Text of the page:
How to light your photos and videos like a pro

To explain soft and hard light, Taylor uses the example of sunlight on a bright day (hard) and sunlight on a cloudy day (soft). On a bright day, the light comes from one small source – the Sun – and therefore creates a hard shadow. On a cloudy day, the light comes from all directions because it is scattered by the clouds, so there is little or no shadow. In the world of photography and videography, hard light is what comes from a small source like a bare flash, while soft light is what you’d get if you put a large diffuser (or softbox) in front of the flash.

The light position it can change a photo in many ways, whether it’s creating a silhouette, separating the subject from the background, or even lighting up the background itself. To illustrate the way in which the position of light can affect the impression of an image, Art Streiber uses the example of a flash on a camera, which immediately evokes the feeling of a captured moment at an event, or a paparazzi shot. If that flash is moved off the camera, perhaps hand-held at the end of an outstretched arm, the same shot creates a completely different impression.

The light intensity refers to how bright the light is, which translates in images to whether you want to create a natural look or make the scene look deliberately lit. David Hobby applies a cooking metaphor to dialing the intensity of light: “Taste the soup. You think, ‘He needs a little more salt.’ Add a little salt. The only real difference is that with lighting, if you add too much salt, you can easily put it right back.”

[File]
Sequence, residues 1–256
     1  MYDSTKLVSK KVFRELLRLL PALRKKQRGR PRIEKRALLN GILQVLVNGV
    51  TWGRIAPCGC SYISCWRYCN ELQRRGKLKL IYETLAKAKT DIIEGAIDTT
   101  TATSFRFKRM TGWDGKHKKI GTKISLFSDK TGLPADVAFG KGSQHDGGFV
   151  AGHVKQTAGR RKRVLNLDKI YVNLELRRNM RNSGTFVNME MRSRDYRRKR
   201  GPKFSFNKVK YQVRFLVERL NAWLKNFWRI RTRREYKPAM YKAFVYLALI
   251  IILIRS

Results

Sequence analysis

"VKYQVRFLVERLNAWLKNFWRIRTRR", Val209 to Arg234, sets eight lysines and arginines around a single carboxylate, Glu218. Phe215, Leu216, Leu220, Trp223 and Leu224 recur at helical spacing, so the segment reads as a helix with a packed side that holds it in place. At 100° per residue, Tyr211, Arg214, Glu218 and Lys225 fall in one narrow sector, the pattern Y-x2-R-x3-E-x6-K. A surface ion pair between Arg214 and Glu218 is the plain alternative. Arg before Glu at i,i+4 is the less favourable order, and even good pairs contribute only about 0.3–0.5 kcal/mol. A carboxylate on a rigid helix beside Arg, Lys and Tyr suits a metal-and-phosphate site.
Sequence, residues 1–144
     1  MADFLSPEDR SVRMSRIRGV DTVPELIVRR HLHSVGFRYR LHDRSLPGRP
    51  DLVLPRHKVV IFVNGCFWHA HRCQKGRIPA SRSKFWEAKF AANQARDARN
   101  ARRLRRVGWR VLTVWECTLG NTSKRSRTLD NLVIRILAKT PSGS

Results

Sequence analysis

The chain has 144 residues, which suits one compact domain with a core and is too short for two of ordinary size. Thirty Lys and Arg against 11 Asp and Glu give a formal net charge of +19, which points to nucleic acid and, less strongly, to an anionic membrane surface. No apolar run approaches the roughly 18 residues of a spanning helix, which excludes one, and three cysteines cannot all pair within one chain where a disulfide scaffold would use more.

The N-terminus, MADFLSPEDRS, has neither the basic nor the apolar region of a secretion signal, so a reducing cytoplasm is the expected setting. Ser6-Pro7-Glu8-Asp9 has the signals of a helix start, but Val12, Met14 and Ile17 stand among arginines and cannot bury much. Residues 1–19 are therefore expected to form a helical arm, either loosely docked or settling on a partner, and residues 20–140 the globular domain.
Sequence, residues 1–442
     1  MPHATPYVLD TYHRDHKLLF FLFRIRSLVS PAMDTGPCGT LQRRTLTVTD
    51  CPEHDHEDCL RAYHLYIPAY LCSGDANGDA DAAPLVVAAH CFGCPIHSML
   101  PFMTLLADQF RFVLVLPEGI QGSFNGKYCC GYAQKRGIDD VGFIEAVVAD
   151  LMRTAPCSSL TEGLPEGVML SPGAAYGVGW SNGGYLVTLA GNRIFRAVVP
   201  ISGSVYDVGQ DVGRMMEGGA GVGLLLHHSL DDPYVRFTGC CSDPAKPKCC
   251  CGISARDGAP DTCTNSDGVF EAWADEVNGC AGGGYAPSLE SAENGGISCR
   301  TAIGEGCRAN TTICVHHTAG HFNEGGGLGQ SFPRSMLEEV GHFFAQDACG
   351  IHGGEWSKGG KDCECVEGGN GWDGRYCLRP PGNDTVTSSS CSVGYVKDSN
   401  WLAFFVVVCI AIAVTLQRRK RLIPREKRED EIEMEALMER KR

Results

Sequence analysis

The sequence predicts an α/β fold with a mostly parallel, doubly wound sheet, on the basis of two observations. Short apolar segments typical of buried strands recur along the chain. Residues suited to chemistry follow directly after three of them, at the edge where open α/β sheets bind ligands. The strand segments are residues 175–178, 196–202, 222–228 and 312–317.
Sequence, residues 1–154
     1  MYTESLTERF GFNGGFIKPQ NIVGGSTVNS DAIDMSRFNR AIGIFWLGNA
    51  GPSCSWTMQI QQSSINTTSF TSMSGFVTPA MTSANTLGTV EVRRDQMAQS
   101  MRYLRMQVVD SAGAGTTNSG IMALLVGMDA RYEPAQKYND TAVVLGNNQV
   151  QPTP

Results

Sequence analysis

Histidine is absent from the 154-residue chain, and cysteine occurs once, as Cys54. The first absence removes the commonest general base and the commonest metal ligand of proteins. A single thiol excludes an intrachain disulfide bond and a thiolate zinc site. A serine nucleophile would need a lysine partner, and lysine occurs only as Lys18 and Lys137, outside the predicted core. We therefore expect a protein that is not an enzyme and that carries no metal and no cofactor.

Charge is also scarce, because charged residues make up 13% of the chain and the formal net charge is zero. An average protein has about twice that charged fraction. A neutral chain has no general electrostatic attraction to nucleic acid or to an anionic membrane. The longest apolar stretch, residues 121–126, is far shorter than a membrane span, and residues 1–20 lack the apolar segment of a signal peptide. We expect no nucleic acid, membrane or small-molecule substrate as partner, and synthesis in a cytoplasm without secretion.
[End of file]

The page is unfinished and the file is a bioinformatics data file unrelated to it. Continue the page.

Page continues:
This example by Karl Taylor shows the use of shadows and color to create emotion. “Is that light coming through the gap in the curtains,” he asks. “What is it that improves the atmosphere? Does the combination of warm golden light through the void and blue shadows provide a sense of melancholy? Is there enough detail visible in the shadows?”

Photo: Karl Taylor

Carl Taylor says that most of our visual systems are not based on color, but rather on brightness and hue. “We see in black and white without realizing it.” Taylor uses the example of spots on a deer or stripes on a tiger, which don’t look very stealthy when viewed in color, but in terms of brightness to other animals that see in black and white, it’s brilliant camouflage. Taylor cautions that color can trick the eye into thinking an image is brighter than it actually is, so he often first adjusts the image’s brightness in black and white, and then he arranges the color, so that the color does not deceive his eye into a false sense of brightness.

Create a lighting scheme

The lighting stand can be quickly packed, so professionals build their lighting schemes step by step. “The first source of light is what is known as your ‘key light,'” says Austen Paul. Once you’ve determined where you want to place your first light, place the “filler light” on the opposite side. For most settings, the charging light is not as bright as the key light. According to Paul, one of the reasons for this is because the subject looks more 3D, and with the fill light slightly darker than your key light, you create a gradient from lighter to darker.

With just a single light kit, you can easily create photos that are both evocative and more three-dimensional.

Photo: David Hobby

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